Coin shortage hits retailers, laundromats, tooth fairy
Gesara.news » News » Coin shortage hits retailers, laundromats, tooth fairyNews Date: August 18, 2020
The national coin shortage has been an unusual side effect of the pandemic. Among its victims? Retailers, laundromats and even the tooth fairy.
Retailers large and small have urged shoppers to use cards or exact change whenever possible.
As the shortage persists, it's become clear that there are still some conundrums that only coins can solve.
Trump proposes eliminating payroll tax through the end of the year.
Remember NESARA Section 2. Abolishes the income tax.
The final solution is bound to be with central banks and government treasury departments retaining their control as issuers of money by the only means at their disposal: deploying their gold reserves to back their currencies, not as fiat, but as credible gold substitutes.
The crypto cohort is likely to have an important effect, in that it sparks an early realization in a growing part of the wider population about what government is doing with money. That is likely to speed up the collapse of fiat currencies compared to what would otherwise occur.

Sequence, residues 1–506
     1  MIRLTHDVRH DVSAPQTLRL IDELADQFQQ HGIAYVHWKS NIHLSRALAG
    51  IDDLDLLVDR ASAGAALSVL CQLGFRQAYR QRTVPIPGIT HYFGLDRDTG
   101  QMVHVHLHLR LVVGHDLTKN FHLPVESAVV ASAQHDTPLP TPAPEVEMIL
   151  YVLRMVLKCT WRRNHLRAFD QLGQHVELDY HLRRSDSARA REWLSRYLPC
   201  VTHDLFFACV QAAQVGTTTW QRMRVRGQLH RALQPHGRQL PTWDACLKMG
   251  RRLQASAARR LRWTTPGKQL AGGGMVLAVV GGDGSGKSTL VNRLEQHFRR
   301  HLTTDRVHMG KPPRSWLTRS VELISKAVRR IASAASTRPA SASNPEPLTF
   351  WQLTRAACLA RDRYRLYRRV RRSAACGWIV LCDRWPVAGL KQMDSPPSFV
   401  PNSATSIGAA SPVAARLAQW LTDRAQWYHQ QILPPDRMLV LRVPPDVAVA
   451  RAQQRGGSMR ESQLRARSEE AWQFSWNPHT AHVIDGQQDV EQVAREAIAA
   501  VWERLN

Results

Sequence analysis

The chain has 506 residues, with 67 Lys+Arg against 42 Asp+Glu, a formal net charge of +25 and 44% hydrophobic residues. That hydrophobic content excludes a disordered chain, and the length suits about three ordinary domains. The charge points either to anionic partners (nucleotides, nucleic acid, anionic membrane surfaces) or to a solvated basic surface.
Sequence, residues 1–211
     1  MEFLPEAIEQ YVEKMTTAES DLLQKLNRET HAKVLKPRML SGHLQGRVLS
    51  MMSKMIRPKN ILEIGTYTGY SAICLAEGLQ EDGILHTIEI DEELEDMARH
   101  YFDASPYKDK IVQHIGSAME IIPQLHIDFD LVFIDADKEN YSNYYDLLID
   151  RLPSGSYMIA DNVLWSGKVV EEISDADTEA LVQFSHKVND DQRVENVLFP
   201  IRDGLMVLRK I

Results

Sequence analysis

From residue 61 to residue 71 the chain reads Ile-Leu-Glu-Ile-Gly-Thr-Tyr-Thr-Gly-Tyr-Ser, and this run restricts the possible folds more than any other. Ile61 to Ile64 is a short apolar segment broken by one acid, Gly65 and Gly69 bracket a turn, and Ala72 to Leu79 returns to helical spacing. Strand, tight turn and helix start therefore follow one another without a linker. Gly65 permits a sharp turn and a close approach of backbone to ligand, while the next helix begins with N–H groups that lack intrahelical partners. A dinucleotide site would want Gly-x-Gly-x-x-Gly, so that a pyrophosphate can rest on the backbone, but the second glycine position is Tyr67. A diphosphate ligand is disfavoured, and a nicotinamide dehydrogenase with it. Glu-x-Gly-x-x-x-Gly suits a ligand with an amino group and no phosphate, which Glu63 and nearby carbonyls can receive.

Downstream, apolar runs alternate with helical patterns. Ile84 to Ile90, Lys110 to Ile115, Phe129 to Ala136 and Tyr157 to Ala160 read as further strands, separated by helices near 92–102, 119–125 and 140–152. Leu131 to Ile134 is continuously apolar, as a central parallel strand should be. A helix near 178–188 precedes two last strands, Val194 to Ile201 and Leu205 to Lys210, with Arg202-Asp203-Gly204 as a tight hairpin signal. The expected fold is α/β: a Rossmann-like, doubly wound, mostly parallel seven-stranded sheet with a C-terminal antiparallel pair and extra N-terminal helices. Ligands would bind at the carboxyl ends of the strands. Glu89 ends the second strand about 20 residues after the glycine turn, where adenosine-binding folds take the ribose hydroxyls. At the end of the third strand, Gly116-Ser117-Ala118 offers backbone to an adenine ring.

The flexibility in the supply of monetary gold and the stability of prices allows the original rate of interest to be both low and stable. It allows entrepreneurs to do business calculations with a high degree of certainty, knowing in terms of goods the value of money. And savers, who provide the monetary capital for future production can be confident of the future capital value of their savings when lending them for business investment purposes.
Sources: kingworldnews.com, www.zerohedge.com
Simple algorithms could be in use within 18 months, with credit-scoring a plausible early application.
For many problems, a quantum computer with thousands of stable qubits is provably far faster than any non-quantum machine that could ever be built.
Sources: www.multiversecomputing.com, www.economist.com
BoA also said that no single currency stood out as having benefited from the process so far. Instead, many central banks have turned to gold, increasing their bullion holdings. Data show that central bank demand came in at 650.3 tons last year, just slightly below the 2018 record net purchases of 656.2 tons.
Experts point out that Russia and China, the two major countries that led the de-dollarization drive, will continue adding to their bullion holdings, cutting their respective share of the dollar, and even leading the world back to the gold standard.